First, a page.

In the wake of a proposed record monetary forfeiture for robocalls, the U.S. Federal Communications Commission (FCC) has proposed another massive fine against a North Carolina man and his company for making more than 21 million illegal robocalls.
According to a Notice of Apparent Liability for Forfeiture issued in early August, the FCC has proposed a fine of more than $82 million against Philip Roesel and his company, Best Insurance Contracts, for deliberately falsifying caller ID information (known as “spoofing”) as part of their effort to sell health insurance policies to vulnerable consumer populations, including the elderly and low-income families.
The Commission’s action closely follows a similar Notice of Apparent Liability issued in June against a Florida man who allegedly organized 96 million separate spoof calls during a three-month period at the end of 2016. In that case, which is still pending, the Commission proposed a fine of $120 million, potentially the largest monetary forfeiture ever proposed by the agency.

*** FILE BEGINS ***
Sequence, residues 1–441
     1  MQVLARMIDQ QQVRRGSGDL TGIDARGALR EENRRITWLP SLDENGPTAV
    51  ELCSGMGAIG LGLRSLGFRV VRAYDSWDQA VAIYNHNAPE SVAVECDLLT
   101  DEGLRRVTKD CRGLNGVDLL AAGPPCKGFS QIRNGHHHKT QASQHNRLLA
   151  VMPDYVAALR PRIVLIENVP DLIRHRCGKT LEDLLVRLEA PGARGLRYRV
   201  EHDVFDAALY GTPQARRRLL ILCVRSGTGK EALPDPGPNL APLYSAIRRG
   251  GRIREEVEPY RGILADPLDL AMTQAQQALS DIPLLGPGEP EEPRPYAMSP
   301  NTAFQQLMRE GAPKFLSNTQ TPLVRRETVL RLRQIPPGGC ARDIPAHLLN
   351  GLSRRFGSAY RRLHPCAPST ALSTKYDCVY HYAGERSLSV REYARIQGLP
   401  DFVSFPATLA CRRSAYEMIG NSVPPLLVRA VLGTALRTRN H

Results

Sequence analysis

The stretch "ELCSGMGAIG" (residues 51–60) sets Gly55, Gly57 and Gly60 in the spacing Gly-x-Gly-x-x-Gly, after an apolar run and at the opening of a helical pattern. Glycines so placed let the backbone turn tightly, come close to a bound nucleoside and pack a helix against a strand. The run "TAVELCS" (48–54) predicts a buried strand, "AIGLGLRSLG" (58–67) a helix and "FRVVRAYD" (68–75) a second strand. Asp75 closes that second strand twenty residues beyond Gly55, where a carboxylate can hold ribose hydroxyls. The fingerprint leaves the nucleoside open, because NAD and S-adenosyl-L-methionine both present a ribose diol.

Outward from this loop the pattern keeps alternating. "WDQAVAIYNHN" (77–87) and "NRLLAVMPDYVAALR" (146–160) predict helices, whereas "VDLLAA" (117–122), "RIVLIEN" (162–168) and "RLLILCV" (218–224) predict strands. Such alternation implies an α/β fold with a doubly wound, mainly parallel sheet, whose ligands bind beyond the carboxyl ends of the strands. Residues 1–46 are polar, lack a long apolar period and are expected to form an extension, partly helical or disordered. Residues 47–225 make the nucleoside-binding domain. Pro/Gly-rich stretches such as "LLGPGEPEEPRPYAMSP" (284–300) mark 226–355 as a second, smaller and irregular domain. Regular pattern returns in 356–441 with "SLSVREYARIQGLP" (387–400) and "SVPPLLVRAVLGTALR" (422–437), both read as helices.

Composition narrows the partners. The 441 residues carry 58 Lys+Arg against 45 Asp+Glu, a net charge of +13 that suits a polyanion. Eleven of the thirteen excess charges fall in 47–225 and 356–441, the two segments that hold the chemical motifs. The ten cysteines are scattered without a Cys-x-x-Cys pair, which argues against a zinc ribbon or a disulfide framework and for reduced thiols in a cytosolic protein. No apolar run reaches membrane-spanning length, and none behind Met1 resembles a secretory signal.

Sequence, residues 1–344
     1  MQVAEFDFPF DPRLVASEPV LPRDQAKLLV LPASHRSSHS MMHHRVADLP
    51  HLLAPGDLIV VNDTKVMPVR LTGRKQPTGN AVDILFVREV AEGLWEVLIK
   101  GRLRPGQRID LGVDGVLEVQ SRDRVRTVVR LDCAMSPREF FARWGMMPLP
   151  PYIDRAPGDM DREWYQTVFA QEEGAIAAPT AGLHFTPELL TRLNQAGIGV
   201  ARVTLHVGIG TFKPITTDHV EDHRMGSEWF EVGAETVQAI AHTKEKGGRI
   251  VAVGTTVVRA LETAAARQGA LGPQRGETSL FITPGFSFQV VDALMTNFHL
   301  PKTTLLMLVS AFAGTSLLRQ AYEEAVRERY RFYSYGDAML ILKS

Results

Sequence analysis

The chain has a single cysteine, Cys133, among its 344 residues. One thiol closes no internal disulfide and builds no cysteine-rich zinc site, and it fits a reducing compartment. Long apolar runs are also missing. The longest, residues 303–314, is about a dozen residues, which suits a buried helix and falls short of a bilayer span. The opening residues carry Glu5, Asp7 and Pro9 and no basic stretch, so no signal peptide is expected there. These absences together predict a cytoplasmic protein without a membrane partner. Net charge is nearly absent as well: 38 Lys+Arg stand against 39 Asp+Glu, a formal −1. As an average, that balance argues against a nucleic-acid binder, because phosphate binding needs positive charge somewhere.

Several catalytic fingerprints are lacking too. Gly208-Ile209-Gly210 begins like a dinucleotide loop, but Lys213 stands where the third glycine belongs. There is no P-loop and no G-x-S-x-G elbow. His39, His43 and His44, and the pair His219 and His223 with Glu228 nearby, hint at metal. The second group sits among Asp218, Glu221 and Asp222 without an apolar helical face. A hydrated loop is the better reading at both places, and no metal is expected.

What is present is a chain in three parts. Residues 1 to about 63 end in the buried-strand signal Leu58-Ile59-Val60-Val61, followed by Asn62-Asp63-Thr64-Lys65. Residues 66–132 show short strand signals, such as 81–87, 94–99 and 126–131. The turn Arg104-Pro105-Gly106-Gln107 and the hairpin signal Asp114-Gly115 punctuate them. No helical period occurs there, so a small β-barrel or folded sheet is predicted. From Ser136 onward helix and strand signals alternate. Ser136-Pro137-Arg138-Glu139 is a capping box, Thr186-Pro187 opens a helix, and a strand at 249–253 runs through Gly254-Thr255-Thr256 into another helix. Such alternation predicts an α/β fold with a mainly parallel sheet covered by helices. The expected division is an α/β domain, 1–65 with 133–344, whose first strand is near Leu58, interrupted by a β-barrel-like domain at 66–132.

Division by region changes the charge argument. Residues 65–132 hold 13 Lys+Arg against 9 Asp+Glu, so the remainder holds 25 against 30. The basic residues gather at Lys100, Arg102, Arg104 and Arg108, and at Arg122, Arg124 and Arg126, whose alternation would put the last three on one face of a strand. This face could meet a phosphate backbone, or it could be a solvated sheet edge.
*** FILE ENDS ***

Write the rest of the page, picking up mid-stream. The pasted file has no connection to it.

In addition to the Commission’s Notice of Apparent Liability for Forfeiture, the FCC’s Enforcement Bureau has issued a citation against Roesel for apparent violations of robocall limits under the Telephone Consumer Protection Act (TCPA).